"Courage is resistance to fear, mastery of fear— not absence of fear. Courage is not the lack of fear. It is acting in spite of it."  — Mark Twain
I hopped off and gave him big scratches and pats all over like he had just won Dressage at Devon. He was quite pleased with himself.

15 comments:

  1. Those sun beams are the worst!! Courage spooks at almost nothing, but he always has to have one good look at a sunbeam EVERY TIME IT CHANGES PLACE OR SHAPE.

    Soooooo sort sucks if you're actually trying to like, ride.

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  2. I love you...who thinks Thoroughbreds are the sensible ones???? Your the best!

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  3. He needs to share this information with Ries.

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  4. I, too, chuckled at TB's being level-headed and sensible. I've known about 50% sane TBs and 50% crazy ones, so I realize that I'm biased. But then I laughed harder at "Warmbloods are sensible, until they are not." Thanks for the great read!

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    1. I've met crazy TB's too, but on the whole I find them to have better brains than WBs... I guess maybe I should clarify that I find TBs to be less prone to spook, although perhaps more prone to misbehave because they disagree with you.

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    2. My dressage instructor had a TB she took up to Grand Prix level and still perfers them today. She calls the WBs dumbloods.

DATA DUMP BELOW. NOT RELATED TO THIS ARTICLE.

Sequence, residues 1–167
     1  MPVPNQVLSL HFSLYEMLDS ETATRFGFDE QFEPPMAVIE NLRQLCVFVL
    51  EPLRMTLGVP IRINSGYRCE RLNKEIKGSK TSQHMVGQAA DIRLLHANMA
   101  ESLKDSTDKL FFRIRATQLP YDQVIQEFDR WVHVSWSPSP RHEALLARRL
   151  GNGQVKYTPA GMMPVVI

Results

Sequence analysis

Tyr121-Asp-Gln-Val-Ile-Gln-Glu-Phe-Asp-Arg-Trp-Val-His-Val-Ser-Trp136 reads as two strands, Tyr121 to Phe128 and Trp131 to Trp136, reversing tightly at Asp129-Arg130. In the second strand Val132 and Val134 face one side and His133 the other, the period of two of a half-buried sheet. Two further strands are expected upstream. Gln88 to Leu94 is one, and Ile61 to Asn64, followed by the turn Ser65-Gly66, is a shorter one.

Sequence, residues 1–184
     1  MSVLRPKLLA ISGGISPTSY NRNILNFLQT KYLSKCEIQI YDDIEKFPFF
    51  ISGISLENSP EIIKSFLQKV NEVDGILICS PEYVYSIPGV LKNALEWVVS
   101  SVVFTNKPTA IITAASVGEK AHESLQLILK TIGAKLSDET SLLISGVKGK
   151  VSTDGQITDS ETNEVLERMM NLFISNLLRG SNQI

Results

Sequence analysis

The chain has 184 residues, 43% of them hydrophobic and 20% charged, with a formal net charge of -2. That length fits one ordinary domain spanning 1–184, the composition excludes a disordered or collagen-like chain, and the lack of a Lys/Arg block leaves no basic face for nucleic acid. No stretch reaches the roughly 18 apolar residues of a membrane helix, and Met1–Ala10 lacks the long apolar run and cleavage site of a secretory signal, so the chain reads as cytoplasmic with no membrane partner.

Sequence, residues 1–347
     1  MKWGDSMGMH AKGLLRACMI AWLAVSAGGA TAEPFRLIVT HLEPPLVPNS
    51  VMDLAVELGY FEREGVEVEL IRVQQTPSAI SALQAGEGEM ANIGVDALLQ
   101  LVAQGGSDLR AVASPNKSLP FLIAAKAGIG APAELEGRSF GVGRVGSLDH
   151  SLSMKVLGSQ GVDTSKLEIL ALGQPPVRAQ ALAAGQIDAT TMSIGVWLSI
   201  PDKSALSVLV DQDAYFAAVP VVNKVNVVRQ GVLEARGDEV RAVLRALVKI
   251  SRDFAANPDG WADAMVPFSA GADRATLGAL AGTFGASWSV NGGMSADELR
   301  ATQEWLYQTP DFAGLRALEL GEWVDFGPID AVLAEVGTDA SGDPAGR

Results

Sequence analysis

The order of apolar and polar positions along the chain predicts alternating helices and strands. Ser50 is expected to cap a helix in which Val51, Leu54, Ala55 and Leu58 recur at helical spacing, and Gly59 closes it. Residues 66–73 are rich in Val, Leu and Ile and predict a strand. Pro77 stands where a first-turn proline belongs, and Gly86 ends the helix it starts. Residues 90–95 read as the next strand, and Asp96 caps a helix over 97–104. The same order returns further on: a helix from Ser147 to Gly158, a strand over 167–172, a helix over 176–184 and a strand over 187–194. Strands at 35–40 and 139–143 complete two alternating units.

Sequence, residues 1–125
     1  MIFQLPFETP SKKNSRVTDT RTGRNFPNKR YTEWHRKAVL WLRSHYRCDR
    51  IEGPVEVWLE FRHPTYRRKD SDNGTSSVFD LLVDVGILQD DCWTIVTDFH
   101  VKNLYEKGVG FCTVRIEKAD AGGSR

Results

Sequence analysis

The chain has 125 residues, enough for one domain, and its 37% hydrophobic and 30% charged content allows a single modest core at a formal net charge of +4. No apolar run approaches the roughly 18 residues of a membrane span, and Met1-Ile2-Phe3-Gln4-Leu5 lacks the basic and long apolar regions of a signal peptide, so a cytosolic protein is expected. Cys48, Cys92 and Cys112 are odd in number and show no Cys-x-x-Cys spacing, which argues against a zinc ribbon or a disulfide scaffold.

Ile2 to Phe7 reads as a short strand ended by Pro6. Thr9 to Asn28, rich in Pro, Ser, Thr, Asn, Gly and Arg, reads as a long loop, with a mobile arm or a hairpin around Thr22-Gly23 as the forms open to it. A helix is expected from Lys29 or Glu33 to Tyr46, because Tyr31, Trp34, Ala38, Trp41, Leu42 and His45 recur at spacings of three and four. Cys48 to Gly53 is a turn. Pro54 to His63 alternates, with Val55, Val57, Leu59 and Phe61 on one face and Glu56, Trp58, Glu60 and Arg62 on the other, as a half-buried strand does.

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  5. That is so awesome!! He's such a good boy. :D

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  6. Dancer just jumped the sun beams. Like they were six foot oxers.

    Love the memes in this LOLOLOL...

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  7. ALIENS! So many aliens, so little time to defeat them all by dumping our riders and running away. Go, Tucker! And go, Marissa, for sticking with him, and encouraging him to reevaluate. Not easy. ("...sensible until they are not."). Bwahahahahahaha. Glad you are baaaack.

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  8. awww poor Tucker!! those sunbeams are the WORST!! an arena i ride in has west facing windows and the late afternoon sun always lands right on a fence (or in our eyes) when we're trying to jump... the horses are very frequently not amused :(

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  9. I nonstop giggled the entire time reading this.

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  10. My horse is a paint, with some TV in his pedigree, and he has done the same thing. He might walk up to it and try to poke it with a hoof too.

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  11. Well we don't call them dumbbloods for nothing ;)

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  12. This is all brilliant and hilarious. I'm glad Tucker was so good, and that you were able to work through it so well. It sounds like he really trusts you.

    And THANK YOU re the TB vs WB comment. That cracked me up. My baby TB has the best brain ever, and my "seen it all" semi-retired A-circuit jumper Hanoverian can lose it in a hot second.